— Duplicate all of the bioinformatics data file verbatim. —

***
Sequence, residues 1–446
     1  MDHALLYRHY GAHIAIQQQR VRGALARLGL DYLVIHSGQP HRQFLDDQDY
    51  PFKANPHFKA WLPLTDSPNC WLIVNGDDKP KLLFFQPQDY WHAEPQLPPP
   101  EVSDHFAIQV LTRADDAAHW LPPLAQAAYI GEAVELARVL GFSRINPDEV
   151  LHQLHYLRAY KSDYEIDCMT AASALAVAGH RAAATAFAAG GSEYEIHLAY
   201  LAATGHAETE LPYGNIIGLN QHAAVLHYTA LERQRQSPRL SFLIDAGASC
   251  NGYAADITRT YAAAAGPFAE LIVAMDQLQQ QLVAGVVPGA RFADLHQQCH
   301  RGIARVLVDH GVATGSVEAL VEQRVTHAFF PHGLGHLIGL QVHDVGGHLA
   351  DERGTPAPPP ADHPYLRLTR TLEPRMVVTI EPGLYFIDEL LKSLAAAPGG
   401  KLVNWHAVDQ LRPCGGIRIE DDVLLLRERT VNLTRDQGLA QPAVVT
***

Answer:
Sequence, residues 1–446
     1  MDHALLYRHY GAHIAIQQQR VRGALARLGL DYLVIHSGQP HRQFLDDQDY
    51  PFKANPHFKA WLPLTDSPNC WLIVNGDDKP KLLFFQPQDY WHAEPQLPPP
   101  EVSDHFAIQV LTRADDAAHW LPPLAQAAYI GEAVELARVL GFSRINPDEV
   151  LHQLHYLRAY KSDYEIDCMT AASALAVAGH RAAATAFAAG GSEYEIHLAY
   201  LAATGHAETE LPYGNIIGLN QHAAVLHYTA LERQRQSPRL SFLIDAGASC
   251  NGYAADITRT YAAAAGPFAE LIVAMDQLQQ QLVAGVVPGA RFADLHQQCH
   301  RGIARVLVDH GVATGSVEAL VEQRVTHAFF PHGLGHLIGL QVHDVGGHLA
   351  DERGTPAPPP ADHPYLRLTR TLEPRMVVTI EPGLYFIDEL LKSLAAAPGG
   401  KLVNWHAVDQ LRPCGGIRIE DDVLLLRERT VNLTRDQGLA QPAVVT